Meanwhile, the Suns had a few issues of their own on Sunday. They fired head coach Earl Watson and point guard Eric Bledsoe tweeted out that he no longer wanted to be “here”. The former Clippers point guard has already had lobbyists from LA come calling. Big man DeAndre Jordan already tweeted that he wanted Bledsoe to “come back home”.

Someone has to trade for Bledsoe. Might as well be the Clippers.

Report: Suns fire Earl Watson within an hour of Eric Bledsoe’s tweet

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Things are just getting weirder in Arizona.

According to ESPN’s Adrian Wojnarowski, the Phoenix Suns have fired head coach Earl Watson. This comes in less than an hour after Suns point guard Eric Bledsoe tweeted out that he no longer wanted to be “here”. The assumption is that the “here” meant with the Suns organization, although Bledsoe nor the team have clarified.

Phoenix was always slated to be a bad team but they have been an absolute mess to start the season. Just three games in and they have yet to win a contest. They have lost by a combined 92 points in those games during some hilariously bad efforts. While Watson’s firing is sudden, it’s not entirely surprising.

Via ESPN:

Meanwhile, it’s not clear what the Suns will do from here both with Bledsoe and in filling the head coach spot on the bench.

Teams like the New York Knicks and Indiana Pacers have struggled when players have requested a trade publicly. Much of their leverage is lost and it could be harder to find a usable return for Bledsoe. A friend of LeBron James, Bledsoe has been rumored in trades from Phoenix to places like Cleveland for years. Now, it will be curious to see if the Suns will need to move him and what they can get for Bledsoe once a deal is done. Any assets will be a vital to their rebuilding process.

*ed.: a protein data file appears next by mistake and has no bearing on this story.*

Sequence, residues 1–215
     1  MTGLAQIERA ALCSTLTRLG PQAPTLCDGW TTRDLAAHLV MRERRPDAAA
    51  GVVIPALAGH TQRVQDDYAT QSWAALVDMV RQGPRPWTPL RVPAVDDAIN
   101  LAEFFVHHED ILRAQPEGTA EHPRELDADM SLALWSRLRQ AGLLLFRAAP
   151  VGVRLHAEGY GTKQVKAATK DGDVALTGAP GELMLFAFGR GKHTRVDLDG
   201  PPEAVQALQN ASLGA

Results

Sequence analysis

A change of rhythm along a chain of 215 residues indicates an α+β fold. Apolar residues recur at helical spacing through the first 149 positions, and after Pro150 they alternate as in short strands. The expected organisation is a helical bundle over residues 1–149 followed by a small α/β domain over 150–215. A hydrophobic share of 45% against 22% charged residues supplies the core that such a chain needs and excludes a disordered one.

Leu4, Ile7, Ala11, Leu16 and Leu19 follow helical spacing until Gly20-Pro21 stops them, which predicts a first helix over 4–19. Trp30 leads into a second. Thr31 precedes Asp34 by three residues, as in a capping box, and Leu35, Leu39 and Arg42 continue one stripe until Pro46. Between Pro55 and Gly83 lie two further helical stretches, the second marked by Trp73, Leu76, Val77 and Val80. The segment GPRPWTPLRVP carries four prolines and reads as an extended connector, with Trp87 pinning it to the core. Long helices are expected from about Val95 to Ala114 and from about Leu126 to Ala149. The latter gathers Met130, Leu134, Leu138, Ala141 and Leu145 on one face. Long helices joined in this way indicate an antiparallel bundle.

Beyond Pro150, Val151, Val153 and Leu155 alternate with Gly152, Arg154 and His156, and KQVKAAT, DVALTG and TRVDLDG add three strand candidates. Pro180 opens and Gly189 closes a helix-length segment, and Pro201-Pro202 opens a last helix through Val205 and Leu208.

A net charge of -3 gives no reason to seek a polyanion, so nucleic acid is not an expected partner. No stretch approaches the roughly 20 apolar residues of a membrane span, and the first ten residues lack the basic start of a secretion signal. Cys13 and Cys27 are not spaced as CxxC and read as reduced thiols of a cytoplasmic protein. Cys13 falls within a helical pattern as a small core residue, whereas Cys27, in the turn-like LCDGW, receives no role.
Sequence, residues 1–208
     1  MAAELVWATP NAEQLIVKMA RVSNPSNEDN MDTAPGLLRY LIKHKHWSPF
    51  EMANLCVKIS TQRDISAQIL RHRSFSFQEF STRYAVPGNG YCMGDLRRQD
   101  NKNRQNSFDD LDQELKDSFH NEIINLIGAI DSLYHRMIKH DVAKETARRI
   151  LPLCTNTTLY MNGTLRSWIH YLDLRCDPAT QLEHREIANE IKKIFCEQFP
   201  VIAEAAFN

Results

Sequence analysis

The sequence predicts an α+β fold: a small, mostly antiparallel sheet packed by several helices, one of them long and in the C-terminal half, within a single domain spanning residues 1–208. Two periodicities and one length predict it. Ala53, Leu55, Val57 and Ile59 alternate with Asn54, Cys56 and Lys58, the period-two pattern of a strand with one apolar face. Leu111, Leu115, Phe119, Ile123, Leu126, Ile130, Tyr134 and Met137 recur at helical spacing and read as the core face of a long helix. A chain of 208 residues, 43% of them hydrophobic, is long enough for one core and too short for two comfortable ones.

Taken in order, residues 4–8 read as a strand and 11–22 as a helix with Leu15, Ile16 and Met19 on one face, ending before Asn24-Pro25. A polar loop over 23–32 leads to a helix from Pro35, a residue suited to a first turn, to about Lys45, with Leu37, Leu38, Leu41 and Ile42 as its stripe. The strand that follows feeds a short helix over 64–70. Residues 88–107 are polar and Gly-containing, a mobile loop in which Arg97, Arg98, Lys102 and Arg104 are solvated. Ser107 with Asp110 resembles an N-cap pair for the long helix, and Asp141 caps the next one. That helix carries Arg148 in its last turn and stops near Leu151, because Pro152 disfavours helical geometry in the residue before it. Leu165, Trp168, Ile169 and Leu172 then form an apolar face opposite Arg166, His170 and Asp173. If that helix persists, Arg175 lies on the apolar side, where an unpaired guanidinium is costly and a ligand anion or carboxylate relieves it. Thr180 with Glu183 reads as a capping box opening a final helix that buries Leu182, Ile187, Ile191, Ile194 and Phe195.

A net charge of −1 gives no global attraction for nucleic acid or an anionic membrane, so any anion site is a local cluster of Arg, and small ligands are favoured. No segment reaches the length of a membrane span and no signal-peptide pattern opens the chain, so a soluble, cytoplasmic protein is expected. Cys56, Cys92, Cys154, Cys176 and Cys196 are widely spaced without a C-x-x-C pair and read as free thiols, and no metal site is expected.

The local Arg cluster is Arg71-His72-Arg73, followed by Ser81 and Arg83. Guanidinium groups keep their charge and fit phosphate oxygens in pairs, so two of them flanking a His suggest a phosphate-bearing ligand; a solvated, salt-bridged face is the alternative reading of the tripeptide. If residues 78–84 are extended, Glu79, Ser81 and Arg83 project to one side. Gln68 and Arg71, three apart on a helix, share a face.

In terms of coaching, Phoenix has both Ty Corbin and Jay Triano on the bench, both of which who have been head coaches in the NBA before. It appears Triano will be stepping into the interim role, but that still leaves the question of what Phoenix should do from here on out. A directionless team in the middle of a rebuild with less-than-stellar ownership is a recipe for continued failure.

Phoenix has been a poorly-run organization for some time, particularly when it comes to expenses. Phoenix owner Robert Sarver is notoriously cheap, even going so far as selling draft picks outright. Phoenix exchanged players like Marcin Gortat, Rudy Fernandez, and Rajon Rondo for pennies on the dollar.

They are already the worst team in the NBA, one of their star players wants out, and now they no longer have a head coach. If you are a basketball fan in Phoenix, things have to be tough for you right now.

Suns PG Eric Bledsoe tweets “I don’t want to be here”

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The Phoenix Suns were always going to be a bad team, but I think we were all surprised when they started off the season with a historical loss to the Portland Trail Blazers. Now, it seems things are getting worse.

On Sunday, Suns point guard Eric Bledsoe sent out a message on Twitter that seemed to insinuate that he no longer wanted to be a part of the organization in Phoenix.

That tweet set the NBA sphere on fire during a relatively sleepy afternoon. Ramifications of players being open with their requests to move teams has not always played out well for the organizations. Think about the decreased leverage for the Knicks and Pacers when it came to Paul George and Carmelo Anthony.

Via Twitter:

It would be a major bummer for fans in Arizona if Bledsoe does indeed want out of Phoenix. The team has played all of three games, and after years of trade speculation around Bledsoe so it would be a huge blow to give him up to suitors for pennies on the dollar.

As of publication on Sunday afternoon we have yet to confirm that this is the intent of Bledsoe’s tweet, but no doubt we will hear more about it as the day goes on.